I am making a lot of progress on my efforts to get the apartment under control; I was expecting to be further along by now than I am, but Monday for whatever reason I was so exhausted I couldn’t get anything really done–cleaning or writing. I am also beginning to get the sense that July is starting to slip through my fingers again–never a good thing; I hate that time is beginning to feel like quicksilver in my hands, before I know it, it will be my birthday and I will be sixty–but the right amount of focus should be able to get me back into gear. Last night wasn’t a good night for sleeping, alas; but perhaps tonight will give me the rest I need. I am seeing my new doctor next week at long last; I am going to talk to him about upping the prescription refills and possibly prescribing something non-narcotic to help me sleep. I think Ambien is not a narcotic, but isn’t that the medication where people do things–like sleep-walk or sleep-drive? That makes me nervous…I get into enough trouble without having to add the worry of getting in trouble while I am asleep.

It looks to be a gloomy, rainy day today; which is never helpful when I am already feeling sleepy. But I shall make it through, and I will go to the gym, and I will pay these pesky bastard bills, and I will get some writing done. So let it be written, so let it be done.

I think we’re going to start watching a Swedish show on Netflix, Young Royals, which appears to be an angsty teen soap at an exclusive school with some queer content, which makes it all the more fun. I also need to get back to reading Bath Haus. My copy of S. A. Cosby’s Razorblade Tears should be arriving today; I am itching to sink my teeth into that one, and of course I’ve got some other Diversity Project books piled up on my end table–there’s Christopher Bollen’s A Beautiful Crime–which I’ve been putting off reading because it’s set in Venice, and I wanted to get the first draft of “Festival of the Redeemer” finished before I read another gay crime story set in Venice. And since that draft is now finished–and now that I know how it ends, and I do think the ending is perfect; I just have to go through it and clean it up significantly, including rewriting some of the passages–I can move on to the Bollen after I finish the Cosby. I also have David Heska Wanbli Weiden’s Winter Counts on the table, and I really want to get to that one, too.

Not to mention everything I have on the iPad. I was thinking on my drive to work this morning that I really would like to go back and reread Mary Stewart’s Madam Will You Talk?–I really enjoyed the Reread Project when I was having difficulty reading during the pandemic; and I am overdue on my reread of Rebecca by Daphne du Maurier, which may be my favorite book of all time; I also want to read some more of the du Mauriers that I have not already read, like The House on the Strand, Rule Britannia, and The Parasites.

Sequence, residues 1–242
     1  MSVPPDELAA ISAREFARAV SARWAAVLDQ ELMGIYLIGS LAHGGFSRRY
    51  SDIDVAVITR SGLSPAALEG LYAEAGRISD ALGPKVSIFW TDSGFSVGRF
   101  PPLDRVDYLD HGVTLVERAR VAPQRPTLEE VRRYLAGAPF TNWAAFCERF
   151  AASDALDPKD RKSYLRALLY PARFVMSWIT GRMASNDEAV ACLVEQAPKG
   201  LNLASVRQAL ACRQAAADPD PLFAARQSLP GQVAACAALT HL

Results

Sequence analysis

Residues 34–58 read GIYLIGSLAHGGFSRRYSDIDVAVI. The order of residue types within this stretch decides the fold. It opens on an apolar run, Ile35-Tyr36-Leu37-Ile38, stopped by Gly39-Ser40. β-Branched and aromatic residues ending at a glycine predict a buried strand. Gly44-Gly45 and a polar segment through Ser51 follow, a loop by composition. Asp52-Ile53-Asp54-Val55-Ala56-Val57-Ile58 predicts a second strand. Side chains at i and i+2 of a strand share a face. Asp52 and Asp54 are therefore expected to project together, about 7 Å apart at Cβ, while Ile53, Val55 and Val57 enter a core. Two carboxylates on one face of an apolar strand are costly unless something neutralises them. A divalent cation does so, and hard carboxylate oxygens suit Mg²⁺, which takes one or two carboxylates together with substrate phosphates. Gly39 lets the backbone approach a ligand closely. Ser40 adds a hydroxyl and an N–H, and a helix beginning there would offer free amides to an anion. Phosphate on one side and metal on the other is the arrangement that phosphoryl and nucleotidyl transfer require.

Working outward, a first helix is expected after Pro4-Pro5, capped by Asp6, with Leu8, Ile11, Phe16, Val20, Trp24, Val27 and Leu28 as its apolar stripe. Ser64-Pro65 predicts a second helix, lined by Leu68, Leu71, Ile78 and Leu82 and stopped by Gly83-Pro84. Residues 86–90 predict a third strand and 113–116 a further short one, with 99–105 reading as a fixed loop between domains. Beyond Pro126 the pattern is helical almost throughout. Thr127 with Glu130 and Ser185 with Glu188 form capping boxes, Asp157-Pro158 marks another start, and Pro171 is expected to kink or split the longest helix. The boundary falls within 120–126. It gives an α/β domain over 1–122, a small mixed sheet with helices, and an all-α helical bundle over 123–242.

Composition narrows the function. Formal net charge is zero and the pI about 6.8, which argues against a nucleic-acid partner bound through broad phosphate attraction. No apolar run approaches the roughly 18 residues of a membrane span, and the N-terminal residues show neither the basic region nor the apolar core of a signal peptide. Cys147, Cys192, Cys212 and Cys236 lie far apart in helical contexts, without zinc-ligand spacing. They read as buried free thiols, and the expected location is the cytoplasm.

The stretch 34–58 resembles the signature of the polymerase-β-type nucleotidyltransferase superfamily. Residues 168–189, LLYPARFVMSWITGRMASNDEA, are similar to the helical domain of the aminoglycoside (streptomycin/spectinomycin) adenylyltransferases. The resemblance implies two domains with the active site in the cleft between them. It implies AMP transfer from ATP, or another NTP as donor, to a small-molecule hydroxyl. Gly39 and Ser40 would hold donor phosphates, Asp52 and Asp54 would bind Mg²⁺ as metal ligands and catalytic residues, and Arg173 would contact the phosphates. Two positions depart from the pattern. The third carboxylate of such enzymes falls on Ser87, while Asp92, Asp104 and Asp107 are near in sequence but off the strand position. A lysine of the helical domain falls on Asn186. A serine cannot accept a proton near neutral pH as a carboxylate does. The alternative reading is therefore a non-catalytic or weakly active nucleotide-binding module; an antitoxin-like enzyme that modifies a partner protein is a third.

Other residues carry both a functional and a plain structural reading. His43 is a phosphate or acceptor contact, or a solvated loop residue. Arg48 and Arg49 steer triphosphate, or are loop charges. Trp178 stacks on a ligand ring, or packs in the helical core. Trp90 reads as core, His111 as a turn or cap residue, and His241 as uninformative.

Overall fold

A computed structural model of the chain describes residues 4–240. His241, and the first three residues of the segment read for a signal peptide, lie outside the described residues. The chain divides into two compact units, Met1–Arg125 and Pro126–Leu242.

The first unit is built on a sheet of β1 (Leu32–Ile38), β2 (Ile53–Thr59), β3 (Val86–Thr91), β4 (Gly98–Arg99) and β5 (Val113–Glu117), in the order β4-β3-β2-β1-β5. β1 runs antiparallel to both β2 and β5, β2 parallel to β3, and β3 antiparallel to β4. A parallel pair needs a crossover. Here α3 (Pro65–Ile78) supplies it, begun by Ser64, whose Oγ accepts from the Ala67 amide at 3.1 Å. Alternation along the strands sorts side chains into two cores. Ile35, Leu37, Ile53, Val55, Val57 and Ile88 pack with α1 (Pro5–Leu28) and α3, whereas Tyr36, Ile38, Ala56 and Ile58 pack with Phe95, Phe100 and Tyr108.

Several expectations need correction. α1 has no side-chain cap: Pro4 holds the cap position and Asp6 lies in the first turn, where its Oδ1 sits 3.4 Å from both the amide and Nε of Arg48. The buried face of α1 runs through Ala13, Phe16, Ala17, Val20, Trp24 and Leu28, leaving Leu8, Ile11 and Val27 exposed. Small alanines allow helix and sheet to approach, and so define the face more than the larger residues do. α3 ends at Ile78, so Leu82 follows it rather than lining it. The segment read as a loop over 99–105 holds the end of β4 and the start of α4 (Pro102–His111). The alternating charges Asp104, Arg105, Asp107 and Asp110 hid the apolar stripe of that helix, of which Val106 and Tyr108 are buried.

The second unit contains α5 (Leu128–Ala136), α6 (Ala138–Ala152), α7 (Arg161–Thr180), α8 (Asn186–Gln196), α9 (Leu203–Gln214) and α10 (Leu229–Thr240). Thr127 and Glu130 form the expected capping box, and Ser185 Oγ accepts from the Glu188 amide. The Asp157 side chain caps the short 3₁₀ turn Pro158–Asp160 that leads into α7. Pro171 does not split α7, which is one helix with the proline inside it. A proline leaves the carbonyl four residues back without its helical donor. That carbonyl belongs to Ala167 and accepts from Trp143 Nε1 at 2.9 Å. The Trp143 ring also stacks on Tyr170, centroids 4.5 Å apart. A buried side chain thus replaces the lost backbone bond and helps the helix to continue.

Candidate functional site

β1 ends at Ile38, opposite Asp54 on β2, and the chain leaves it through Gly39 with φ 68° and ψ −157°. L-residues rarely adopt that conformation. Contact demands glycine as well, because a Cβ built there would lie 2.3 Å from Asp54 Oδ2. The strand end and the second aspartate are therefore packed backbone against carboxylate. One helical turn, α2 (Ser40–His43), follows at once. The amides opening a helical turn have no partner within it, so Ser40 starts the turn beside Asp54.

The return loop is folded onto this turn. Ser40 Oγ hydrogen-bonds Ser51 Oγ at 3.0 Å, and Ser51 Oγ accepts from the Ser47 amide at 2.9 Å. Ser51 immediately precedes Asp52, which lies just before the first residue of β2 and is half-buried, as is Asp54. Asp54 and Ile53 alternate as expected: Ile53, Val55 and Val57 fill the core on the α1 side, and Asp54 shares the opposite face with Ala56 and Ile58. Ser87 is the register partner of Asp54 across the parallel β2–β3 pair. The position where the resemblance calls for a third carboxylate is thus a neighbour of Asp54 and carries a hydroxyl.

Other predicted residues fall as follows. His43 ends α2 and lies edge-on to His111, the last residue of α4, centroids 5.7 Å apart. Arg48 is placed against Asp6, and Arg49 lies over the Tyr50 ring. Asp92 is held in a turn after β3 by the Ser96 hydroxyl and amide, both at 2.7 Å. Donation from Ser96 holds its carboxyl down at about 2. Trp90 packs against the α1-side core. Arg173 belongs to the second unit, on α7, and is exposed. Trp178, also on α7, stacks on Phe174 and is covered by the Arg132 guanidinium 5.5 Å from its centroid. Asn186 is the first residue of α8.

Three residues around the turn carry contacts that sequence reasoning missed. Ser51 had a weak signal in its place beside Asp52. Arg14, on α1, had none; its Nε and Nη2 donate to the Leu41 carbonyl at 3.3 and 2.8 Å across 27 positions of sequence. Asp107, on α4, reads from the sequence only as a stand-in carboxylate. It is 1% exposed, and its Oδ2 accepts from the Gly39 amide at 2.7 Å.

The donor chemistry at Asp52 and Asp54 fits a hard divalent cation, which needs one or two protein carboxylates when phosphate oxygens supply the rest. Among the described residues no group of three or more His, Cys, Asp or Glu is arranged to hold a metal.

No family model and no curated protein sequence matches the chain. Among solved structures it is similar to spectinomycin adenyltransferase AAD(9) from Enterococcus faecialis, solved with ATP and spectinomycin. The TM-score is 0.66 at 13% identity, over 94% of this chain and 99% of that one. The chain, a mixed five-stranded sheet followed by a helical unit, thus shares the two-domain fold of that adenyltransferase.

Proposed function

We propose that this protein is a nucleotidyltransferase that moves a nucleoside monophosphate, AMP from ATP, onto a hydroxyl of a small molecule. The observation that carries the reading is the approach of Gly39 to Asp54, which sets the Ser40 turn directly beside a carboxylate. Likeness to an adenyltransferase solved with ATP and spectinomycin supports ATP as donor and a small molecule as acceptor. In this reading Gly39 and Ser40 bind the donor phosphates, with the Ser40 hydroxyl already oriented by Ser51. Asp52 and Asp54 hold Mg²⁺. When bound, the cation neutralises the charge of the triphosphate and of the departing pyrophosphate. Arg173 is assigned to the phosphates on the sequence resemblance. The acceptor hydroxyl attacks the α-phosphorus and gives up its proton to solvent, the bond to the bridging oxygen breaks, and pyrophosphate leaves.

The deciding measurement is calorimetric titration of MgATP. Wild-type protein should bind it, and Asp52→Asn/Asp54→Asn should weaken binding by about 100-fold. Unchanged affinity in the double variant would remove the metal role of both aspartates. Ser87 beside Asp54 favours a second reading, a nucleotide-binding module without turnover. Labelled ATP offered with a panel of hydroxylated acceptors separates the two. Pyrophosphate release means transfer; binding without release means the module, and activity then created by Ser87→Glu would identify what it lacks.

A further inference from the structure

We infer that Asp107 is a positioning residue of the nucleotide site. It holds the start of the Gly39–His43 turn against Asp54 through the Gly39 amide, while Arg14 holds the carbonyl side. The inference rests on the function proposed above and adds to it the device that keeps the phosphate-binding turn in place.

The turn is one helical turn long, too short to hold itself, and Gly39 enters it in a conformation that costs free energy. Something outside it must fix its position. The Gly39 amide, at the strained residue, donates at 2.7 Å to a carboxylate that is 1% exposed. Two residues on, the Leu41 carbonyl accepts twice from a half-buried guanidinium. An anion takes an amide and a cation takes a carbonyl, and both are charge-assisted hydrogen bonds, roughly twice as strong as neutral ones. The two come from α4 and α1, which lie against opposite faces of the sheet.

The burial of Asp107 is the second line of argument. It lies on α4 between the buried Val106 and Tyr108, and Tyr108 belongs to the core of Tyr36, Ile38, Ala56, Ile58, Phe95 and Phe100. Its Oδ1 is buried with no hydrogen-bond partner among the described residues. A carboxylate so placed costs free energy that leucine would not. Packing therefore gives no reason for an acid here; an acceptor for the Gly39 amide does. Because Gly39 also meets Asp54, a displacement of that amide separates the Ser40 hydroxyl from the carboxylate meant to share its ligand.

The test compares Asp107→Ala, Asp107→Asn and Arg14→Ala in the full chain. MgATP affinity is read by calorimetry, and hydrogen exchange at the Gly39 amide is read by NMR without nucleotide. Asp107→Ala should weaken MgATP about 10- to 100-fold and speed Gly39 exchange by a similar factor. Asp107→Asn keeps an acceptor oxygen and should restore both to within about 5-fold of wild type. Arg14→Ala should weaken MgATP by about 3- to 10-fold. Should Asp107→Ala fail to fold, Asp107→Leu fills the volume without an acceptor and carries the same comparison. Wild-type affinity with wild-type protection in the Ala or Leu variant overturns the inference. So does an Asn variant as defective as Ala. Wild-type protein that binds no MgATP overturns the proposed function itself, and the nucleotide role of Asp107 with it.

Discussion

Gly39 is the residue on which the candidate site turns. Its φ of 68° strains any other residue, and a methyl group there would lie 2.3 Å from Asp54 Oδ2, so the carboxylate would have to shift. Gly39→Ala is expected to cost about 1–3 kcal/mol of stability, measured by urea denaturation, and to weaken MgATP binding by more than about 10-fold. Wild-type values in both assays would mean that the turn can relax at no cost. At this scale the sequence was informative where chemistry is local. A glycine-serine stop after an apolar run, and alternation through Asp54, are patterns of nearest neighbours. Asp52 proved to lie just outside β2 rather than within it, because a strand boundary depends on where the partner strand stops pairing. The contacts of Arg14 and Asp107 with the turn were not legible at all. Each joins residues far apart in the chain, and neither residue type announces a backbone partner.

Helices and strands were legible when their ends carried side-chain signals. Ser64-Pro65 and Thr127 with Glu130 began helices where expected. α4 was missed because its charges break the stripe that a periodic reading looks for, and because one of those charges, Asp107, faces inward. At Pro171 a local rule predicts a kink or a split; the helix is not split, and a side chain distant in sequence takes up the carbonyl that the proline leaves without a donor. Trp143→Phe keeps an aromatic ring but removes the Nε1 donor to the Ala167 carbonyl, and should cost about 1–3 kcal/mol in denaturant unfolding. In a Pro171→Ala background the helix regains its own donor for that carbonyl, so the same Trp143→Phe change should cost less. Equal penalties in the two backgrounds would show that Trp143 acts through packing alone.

And on that note, I am heading into the spice mines. Have a lovely day, Constant Reader!

Feelin’ Jovani

Tuesday morning and it’s back to what passes for normal. I am up waaaaay earlier than I would prefer, and am staring down a nice day at the office.

I went to the gym yesterday afternoon. I woke up feeling tired and kind of out-of-sorts; I’m still not quite sure what that was about, but my stomach was bothering me some, and since i couldn’t seem to focus on getting anything done yesterday morning–other than some lame blog posting, and reading a bit of Bath Haus–I thought to myself, just go to the damned gym already, and on your way home detour into the Garden District and walk up Philip Street, taking some pictures for Instagram, which is precisely what I did. Lord, was it hot–I was drenched in sweat by the time I got home, and after some PediaLyte and a protein shake, I felt much better than I had before I went to the gym.

Go figure.

I also slept really well last night–I certainly wanted to keep hitting the snooze button, that’s for sure–but eventually I dragged myself out of bed and started getting ready to face the day. The extra day off, while lovely, really messed with my body clock. After the gym yesterday, and the walk home with its detour, I was too tired to do much of anything once I did get home, so I read for a little while and then we binged on Happy Endings–we still aren’t finished with it, but the third season of High Seas isn’t especially interesting, so I am not sure if we are even going to finish that at any point in time. I probably should have worked on “Never Kiss a Stranger,” but didn’t-so I will probably get back to that tonight when I get home from work. Yesterday was a do-nothing-much kind of day, and that was fine, I suppose. I didn’t get nearly as much done this weekend as I would have liked to have, but that’s every weekend, really. I tend to set the bar pretty high for what I do want to get done every weekend, and inevitably am never able to get around to any and all of it…which inevitably, while making it possible for me to get more done than I probably would otherwise, also is a bit on the self-defeating side; in which I invariably beat myself up over not getting everything done I had wanted to get done.